Coronavirus kills behind hospital curtains, in private, where nobody can see
On August 6, 1945, the United States detonated two nuclear bombs over the Japanese cities of Hiroshima and Nagasaki. Experts estimated about 150,000 people died in Hiroshima alone.
On July 30, 2020, 75 years later, the United States reported 150,000 deaths from COVID-19
The atomic attacks on Japan changed the course of history. Horrific images of the aftermath revealed a blast that leveled a city. Human suffering and death from radiation shocked the world. It’s the stuff of nightmares.
So is the coronavirus. It’s not as flashy. And it didn’t strike with an attention-getting mushroom cloud. Daily, the virus steals lives behind medical curtains. In private. Where nobody can see.
Its effects are frightening: Loved ones, isolated, dying, slowly, alone.
Other than the obvious differences between the epic tragedies there is one major different between the two. The atomic bomb killed everything in its wake. The coronavirus, on the other hand, picks its victims carefully: older folks, diabetics and those with heart conditions, liver disease, asthma and high blood pressure.
Unfortunately, the group with many of those pre-existing conditions include American Indians and Alaska Natives (AI/AN). Their poor living conditions, remote reservations, overcrowded homes and poor healthcare opportunities combine for the perfect coronavirus cocktail.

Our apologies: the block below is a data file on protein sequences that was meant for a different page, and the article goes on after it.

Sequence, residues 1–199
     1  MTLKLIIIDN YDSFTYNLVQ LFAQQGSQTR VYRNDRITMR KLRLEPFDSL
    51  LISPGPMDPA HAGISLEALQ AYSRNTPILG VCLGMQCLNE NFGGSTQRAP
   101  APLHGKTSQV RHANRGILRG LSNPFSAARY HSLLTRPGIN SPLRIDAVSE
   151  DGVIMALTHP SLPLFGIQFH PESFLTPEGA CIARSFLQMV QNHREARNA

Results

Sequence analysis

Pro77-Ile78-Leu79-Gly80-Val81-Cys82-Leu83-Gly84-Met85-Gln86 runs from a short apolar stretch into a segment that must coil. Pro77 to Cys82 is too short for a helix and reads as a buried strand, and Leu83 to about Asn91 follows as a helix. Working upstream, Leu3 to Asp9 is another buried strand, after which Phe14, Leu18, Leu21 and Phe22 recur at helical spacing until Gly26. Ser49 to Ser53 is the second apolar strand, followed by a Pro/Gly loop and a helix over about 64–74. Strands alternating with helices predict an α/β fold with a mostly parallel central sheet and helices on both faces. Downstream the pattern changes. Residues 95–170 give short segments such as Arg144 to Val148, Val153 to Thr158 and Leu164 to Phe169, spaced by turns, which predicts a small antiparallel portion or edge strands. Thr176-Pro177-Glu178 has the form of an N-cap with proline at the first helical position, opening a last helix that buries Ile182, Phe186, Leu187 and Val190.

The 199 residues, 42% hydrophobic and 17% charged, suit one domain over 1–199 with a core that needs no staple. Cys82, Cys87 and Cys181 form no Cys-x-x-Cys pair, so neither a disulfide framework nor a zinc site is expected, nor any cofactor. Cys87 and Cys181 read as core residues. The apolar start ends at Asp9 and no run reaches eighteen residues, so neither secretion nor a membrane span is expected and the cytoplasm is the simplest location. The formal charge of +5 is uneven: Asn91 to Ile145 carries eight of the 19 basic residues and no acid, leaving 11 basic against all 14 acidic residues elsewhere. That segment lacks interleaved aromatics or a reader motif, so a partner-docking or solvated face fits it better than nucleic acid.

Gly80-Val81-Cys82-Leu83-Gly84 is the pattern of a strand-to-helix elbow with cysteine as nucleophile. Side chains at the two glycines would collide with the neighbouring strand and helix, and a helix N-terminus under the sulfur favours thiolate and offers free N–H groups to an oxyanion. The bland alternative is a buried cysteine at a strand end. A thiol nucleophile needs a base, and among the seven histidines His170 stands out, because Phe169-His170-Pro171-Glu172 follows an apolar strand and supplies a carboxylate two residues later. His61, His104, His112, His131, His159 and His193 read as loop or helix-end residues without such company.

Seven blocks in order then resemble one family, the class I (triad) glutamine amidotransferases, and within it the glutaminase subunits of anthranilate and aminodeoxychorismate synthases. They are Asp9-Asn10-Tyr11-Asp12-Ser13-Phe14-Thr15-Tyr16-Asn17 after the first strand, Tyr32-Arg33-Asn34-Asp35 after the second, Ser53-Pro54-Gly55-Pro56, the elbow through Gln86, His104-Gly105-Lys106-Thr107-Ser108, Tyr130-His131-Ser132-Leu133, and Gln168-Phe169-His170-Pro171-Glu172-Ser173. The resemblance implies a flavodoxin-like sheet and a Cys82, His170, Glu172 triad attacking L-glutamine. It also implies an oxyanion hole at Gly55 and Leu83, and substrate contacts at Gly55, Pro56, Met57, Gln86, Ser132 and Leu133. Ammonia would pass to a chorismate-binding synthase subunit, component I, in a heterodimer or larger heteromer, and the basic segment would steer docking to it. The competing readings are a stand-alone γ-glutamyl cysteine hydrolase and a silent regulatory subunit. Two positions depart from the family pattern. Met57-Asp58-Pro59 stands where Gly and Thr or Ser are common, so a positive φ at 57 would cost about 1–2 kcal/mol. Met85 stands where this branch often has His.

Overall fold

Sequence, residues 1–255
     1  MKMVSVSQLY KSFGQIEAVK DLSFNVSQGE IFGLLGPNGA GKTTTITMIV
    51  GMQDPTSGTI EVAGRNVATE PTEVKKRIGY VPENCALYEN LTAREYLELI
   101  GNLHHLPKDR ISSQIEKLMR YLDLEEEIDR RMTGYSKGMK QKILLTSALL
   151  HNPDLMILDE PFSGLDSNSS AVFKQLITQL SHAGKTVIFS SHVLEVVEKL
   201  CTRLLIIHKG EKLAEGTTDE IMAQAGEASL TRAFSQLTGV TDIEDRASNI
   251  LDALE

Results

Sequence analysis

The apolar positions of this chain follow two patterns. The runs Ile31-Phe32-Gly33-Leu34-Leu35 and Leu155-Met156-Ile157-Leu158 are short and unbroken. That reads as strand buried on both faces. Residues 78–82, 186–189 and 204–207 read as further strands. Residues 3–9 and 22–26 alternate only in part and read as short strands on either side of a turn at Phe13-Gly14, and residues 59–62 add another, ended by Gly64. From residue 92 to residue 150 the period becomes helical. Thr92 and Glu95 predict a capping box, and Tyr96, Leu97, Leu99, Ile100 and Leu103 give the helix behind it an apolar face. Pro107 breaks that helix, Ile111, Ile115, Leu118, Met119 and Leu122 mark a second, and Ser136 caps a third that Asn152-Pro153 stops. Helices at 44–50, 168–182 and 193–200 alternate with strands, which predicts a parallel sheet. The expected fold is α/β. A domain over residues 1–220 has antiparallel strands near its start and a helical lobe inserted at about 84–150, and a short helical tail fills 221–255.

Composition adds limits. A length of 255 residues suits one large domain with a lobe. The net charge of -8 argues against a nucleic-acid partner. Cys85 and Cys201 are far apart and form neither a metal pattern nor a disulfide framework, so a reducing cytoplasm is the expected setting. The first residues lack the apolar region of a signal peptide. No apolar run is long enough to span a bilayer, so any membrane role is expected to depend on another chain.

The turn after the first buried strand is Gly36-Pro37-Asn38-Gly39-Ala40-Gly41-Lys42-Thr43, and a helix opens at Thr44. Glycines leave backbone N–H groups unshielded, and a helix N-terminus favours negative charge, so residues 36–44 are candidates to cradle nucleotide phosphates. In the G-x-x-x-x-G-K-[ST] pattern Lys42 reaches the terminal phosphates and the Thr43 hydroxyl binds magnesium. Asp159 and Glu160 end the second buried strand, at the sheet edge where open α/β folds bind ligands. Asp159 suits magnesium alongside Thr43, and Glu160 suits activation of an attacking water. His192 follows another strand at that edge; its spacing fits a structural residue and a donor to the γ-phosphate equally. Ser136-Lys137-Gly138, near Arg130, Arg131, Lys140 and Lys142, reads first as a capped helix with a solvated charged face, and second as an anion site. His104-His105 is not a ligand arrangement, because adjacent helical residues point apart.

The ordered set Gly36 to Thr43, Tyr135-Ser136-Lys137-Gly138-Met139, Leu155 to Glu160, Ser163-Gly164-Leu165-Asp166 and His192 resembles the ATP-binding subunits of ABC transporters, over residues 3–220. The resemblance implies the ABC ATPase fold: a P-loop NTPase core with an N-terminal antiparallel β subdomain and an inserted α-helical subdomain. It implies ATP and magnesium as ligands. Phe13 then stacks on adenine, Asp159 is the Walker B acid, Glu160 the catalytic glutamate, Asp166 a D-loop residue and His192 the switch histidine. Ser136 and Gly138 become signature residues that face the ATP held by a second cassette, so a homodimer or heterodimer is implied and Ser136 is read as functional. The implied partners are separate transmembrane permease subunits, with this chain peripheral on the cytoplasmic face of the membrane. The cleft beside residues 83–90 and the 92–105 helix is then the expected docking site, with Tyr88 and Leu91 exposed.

In other words, COVID-19 is a selective atomic bomb. It’s killing more Native people when proportionately compared to other populations.
For example, Native Americans make up just 11% of New Mexico’s population, according to the U.S. Census Bureau. But they account for 35.7% of the state’s cases of COVID-19 and half the deaths. Centers for Disease Control and Prevention studies show death rates are nearly 50% higher for AI/AN than non-Hispanic whites.
A recent John Hopkins University study shows the coronavirus stalking younger, overweight or obese people.
That’s a punch to the gut. What once targeted mainly elders, now infects everyone -- grandparents, parents and children.
“On our tribal lands, we must take precautions at a higher level because of our higher level of health disparities,” Dr. Tami Jollie-Trottier said.
A member of the Turtle Mountain Band of Chippewa Indians in North Dakota, Jollie-Trottier is a licensed clinical psychologist. She’s a provider of mental health services in her rural reservation community in Belcourt, North Dakota She also wrote the University of North Dakota dissertation “Correlates of Overweight and Obesity in American Indian Children.”
For Immediate Release: Executive Order - Mask MandatePosted by Turtle Mountain Tribe on Friday, July 31, 2020
“Obesity and diabetes are some of our major concerns that put our people at risk,” Jollie-Trottier said. “We have to look out for ourselves and hold ourselves to a higher standard. I’m not surprised that overweight and obese individuals are at higher risk for suffering medical complications.”
“I think our communities are missing the point that our children are at extreme risk for developing chronic conditions. And they’re developing them earlier,” the doctor said. “The children are getting hypertension and diabetes at an earlier age and suffering greater consequences from their bodies having to deal with fighting off a disease.”